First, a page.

LXer Weekly Roundup for 10-May-2009
Microsoft Offers Secure Windows … But Only to the Government: It’s the most secure distribution version of Windows XP ever produced by Microsoft: More than 600 settings are locked down tight, and critical security patches can be installed in an average of 72 hours instead of 57 days. The only problem is, you have to join the Air Force to get it. The Air Force persuaded Microsoft CEO Steve Ballmer to provide it with a secure Windows configuration that saved the service about $100 million in contract costs and countless hours of maintenance. At a congressional hearing this week on cybersecurity, Alan Paller, research director of the Sans Institute, shared the story as a template for how the government could use its massive purchasing power to get companies to produce more secure products. And those could eventually be available to the rest of us.
Top 7 Reasons People Quit Linux: I've been writing Linux guidebooks for some time, and it's fair to say that most people who buy my books are Windows users looking to make the leap to Linux (or perhaps just wondering what the fuss is about). Because of this, I've heard a lot of excuses why people quit Linux, and return to Windows. I'm happy to say that the excuses are getting far less common nowadays, compared to 2003, when I wrote my first book. But I still hear 'em. Here are the top seven reasons I've come across. No doubt you've heard them too.
Update on ODF Spreadsheet Interoperability: I created a test document in each of those editors and then loaded each test document in each of the other editors. I showed what worked, what didn't, and made some suggestions on how interoperability could be improved. I found only two notable failures, when the Microsoft/CleverAge Add-in for Excel loaded KSpread and Symphony documents.
Flashing Your BIOS From The Linux Desktop: Linux hardware support has improved a great deal over the past few years, but there are still a few troubled spots. With computer motherboards, for instance, the core functionality is generally there and most consumer motherboards will "just work" with the latest desktop Linux distributions out there. Where users though can run into problems are with the ancillary features. Motherboard manufacturers usually bundle proprietary software with their products that allow monitoring of hardware sensors, flashing of the motherboard BIOS, and overclocking all from within the Windows operating system. With the exception of LM_Sensors providing some sensors support, this is a grey area for Linux. Fortunately, however, the folks working on the CoreBoot project have developed a program that will near universally allow you to flash your motherboard's BIOS from within the Linux desktop.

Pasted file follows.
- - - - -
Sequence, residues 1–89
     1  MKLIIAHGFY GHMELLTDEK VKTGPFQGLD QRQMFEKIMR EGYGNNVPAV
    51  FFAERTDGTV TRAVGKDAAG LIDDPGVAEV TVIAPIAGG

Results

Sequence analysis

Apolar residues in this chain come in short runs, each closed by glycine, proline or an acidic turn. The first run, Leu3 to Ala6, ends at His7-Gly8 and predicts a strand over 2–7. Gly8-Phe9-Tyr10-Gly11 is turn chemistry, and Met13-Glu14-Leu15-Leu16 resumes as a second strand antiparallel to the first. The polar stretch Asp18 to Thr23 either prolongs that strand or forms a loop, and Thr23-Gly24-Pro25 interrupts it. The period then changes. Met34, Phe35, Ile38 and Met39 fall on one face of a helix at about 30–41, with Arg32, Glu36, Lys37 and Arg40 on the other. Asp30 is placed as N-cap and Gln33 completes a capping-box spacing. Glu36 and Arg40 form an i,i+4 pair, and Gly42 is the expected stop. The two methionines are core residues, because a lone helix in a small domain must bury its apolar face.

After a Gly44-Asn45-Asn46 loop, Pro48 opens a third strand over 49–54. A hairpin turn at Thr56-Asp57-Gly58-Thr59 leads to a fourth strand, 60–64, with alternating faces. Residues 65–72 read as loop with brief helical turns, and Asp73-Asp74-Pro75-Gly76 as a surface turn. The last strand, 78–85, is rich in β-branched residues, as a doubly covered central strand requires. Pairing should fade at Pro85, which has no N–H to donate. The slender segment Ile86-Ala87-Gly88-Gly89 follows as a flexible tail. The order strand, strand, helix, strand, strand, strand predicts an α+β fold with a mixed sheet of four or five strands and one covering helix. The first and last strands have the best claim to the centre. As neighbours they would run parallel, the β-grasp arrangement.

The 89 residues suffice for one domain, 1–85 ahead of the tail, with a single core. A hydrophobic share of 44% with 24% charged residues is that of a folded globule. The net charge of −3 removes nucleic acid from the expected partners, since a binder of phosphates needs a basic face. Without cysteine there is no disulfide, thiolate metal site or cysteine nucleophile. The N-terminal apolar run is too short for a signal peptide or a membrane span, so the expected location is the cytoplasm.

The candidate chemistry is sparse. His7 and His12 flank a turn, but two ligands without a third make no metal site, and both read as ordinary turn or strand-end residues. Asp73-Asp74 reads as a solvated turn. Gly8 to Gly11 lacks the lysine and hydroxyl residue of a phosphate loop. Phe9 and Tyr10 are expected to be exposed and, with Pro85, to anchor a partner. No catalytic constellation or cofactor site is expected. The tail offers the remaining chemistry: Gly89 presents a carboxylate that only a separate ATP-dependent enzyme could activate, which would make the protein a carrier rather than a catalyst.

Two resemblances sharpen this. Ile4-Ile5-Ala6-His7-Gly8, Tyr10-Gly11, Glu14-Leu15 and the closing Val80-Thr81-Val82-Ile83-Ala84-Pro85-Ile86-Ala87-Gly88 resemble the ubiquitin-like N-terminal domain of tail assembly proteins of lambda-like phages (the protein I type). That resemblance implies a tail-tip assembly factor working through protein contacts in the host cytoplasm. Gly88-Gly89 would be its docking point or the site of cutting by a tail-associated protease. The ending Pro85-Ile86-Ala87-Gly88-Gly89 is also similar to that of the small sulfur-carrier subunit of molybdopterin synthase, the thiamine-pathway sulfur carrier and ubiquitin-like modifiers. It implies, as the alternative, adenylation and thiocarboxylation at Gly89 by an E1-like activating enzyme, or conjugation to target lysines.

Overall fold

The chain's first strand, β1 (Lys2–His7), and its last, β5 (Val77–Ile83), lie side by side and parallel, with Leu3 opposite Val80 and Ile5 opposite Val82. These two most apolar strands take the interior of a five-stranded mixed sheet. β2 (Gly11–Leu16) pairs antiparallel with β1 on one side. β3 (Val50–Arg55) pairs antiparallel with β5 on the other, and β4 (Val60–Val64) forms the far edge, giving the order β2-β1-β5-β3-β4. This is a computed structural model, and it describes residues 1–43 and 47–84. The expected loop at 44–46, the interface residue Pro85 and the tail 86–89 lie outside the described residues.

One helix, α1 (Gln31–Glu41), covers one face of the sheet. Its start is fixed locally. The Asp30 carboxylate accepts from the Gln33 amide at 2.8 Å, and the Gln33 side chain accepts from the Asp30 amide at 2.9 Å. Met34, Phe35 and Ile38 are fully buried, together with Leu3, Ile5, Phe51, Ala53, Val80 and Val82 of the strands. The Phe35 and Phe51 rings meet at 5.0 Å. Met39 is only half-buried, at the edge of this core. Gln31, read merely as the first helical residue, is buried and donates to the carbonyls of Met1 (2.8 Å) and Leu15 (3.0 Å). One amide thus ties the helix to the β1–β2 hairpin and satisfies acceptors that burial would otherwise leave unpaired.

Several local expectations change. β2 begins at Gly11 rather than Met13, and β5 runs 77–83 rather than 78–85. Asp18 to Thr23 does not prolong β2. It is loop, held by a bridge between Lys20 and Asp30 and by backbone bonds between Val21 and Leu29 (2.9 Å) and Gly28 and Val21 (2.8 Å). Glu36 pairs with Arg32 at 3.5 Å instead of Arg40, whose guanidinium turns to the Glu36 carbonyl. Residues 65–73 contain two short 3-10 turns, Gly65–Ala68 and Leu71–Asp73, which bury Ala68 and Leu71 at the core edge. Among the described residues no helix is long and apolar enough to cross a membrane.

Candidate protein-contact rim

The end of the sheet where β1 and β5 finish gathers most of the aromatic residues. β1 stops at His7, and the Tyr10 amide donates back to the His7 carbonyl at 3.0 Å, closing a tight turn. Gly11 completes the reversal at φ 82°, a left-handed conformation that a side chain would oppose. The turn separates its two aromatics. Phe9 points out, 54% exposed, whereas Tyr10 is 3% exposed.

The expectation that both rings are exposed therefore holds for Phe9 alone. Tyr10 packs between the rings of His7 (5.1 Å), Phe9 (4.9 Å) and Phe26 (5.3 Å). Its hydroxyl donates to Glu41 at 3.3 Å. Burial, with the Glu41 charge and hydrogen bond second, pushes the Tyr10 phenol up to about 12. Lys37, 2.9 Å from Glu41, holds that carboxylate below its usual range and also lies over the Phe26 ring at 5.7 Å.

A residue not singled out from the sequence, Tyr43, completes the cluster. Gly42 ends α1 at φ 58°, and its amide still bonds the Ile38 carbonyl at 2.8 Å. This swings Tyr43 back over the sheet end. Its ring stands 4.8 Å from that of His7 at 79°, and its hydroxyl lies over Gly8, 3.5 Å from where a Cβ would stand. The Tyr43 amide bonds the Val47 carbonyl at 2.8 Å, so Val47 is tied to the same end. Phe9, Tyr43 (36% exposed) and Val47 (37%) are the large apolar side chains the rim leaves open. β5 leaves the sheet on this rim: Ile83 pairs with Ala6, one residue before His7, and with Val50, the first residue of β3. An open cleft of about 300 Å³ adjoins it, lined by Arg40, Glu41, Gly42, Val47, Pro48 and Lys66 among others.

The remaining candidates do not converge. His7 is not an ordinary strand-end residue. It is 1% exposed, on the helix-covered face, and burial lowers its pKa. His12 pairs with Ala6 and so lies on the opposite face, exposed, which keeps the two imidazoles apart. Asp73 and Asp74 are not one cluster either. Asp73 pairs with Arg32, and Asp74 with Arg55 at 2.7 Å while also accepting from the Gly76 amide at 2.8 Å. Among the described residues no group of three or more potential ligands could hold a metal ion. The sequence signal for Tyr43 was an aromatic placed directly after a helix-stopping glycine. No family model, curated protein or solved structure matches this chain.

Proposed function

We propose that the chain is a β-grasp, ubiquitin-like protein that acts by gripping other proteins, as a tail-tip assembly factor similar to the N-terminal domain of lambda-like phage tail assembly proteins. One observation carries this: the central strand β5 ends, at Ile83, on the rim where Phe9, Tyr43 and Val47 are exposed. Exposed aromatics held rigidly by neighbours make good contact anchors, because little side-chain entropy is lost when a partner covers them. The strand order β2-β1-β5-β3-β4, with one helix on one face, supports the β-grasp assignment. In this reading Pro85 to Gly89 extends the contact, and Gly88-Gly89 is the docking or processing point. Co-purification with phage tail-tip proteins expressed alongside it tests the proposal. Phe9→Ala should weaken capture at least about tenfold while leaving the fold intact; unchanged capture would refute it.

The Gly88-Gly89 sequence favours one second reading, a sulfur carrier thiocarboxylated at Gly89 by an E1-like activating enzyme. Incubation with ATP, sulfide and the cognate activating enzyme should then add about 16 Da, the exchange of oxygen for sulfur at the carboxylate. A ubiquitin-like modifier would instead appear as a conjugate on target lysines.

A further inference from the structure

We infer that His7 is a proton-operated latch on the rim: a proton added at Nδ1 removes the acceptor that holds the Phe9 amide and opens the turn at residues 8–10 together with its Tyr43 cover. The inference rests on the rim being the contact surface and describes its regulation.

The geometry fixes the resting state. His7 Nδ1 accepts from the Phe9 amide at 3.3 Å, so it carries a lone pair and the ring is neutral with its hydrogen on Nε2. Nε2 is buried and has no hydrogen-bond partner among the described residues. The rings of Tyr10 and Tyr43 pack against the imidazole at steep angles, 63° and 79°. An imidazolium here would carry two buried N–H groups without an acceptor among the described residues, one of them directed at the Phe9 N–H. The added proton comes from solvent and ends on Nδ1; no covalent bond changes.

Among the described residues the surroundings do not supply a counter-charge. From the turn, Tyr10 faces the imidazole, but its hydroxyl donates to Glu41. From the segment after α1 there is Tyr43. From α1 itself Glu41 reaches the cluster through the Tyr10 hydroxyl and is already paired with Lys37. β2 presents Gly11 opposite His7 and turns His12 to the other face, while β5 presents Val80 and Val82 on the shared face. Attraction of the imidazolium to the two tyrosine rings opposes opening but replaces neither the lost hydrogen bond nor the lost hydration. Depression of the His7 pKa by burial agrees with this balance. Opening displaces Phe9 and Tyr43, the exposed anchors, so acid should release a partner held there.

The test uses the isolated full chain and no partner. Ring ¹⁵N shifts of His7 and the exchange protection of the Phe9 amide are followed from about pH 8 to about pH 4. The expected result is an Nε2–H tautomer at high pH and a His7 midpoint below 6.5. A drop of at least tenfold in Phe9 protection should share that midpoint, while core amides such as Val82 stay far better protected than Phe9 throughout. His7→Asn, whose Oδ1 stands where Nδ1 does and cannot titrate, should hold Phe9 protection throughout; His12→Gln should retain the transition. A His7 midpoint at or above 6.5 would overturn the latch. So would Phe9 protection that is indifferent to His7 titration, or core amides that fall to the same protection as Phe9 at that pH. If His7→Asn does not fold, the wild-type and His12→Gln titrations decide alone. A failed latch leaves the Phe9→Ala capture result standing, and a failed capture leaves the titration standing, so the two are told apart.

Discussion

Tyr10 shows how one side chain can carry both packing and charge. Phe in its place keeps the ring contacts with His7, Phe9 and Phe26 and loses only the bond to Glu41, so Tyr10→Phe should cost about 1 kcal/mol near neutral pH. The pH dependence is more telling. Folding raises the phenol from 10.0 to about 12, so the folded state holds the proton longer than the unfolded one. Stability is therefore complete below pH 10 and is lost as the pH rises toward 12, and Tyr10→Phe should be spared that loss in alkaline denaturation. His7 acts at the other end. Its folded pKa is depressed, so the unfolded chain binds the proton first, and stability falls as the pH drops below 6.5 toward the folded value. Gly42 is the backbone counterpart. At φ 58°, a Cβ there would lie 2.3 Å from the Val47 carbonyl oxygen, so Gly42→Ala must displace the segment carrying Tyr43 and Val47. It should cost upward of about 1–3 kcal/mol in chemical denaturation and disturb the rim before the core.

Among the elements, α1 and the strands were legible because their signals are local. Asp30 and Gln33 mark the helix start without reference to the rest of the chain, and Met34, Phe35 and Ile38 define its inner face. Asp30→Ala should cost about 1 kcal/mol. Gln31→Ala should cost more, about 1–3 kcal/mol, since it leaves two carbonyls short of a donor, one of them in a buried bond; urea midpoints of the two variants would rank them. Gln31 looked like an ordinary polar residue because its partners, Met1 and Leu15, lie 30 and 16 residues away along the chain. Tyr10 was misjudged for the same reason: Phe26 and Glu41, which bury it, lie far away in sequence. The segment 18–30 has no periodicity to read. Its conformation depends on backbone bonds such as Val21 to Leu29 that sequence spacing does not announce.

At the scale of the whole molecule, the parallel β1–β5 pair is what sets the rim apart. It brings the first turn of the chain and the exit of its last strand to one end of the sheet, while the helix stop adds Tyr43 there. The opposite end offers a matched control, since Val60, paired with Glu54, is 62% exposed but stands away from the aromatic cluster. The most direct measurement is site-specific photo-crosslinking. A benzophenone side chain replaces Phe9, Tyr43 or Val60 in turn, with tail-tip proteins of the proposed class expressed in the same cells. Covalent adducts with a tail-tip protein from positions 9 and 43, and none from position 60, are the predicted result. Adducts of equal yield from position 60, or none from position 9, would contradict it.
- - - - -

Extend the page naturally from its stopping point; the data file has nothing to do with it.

Ontario Linux Fest 2009 Announced: What could be better than a conference for the Free / Libre, Open Source community that is run by the community itself? Ontario Linux Fest 2009 is the third successful year of the community-run conference.
Linux Desktop Market Share: Greater Than One Percent?: According to NetApplications, GNU/Linux now accounts for 1.02% of computer desktops. Depending on your outlook, this figure is cause for cautious celebration, or equally cautious dismissal of the operating system's prospects. Alternatively, you might prefer -- as I do -- to question the statistic's accuracy, and look at other ways to estimate GNU/Linux's presence. The problem, of course, can never be settled with any certainty. GNU/Linux comes from dozens of vendors and community projects, rather than a single corporation, and, since it requires neither registration nor activation, a single DVD could be the source of half a dozen installations. Under these circumstances, any estimates quickly trail off into speculation whose credibility depends on your own biases on the subject.
1% Linux Market Share = 100% Dishonesty: A PC desktop market share analysis of questionable reliability is being eagerly swallowed by Redmond's tame battalions of "tech journalists." Folks, if you're getting paid to be gasbags who are not required to publish anything of substance you're doing fine. If you're being paid to be real journalists, you're not succeeding. It's like you all have Alzheimer's and have forgotten the previous stories that you dutifully parroted stating completely different figures, like "Linux desktop market share to reach 6% in 2007."